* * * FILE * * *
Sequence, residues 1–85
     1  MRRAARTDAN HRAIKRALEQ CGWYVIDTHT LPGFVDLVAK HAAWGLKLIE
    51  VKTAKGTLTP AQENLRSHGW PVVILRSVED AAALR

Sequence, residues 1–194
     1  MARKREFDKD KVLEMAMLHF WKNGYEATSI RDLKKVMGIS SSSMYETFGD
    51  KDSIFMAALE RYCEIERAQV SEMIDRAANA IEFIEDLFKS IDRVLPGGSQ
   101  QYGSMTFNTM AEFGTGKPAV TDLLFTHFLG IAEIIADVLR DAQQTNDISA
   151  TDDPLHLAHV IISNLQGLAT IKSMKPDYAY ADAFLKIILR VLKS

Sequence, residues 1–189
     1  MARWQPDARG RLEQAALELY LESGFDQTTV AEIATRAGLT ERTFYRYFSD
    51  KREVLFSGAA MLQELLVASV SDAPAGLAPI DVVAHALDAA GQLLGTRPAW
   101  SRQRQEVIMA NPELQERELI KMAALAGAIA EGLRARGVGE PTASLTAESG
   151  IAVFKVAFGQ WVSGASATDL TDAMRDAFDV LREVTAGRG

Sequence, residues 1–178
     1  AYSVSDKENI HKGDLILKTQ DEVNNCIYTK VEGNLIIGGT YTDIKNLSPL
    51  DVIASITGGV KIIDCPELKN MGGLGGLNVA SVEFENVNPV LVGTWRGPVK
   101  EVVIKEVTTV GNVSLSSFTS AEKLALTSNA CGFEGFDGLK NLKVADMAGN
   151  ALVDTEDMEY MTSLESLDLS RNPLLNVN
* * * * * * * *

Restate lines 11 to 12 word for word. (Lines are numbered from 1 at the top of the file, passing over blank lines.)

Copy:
    51  KREVLFSGAA MLQELLVASV SDAPAGLAPI DVVAHALDAA GQLLGTRPAW
   101  SRQRQEVIMA NPELQERELI KMAALAGAIA EGLRARGVGE PTASLTAESG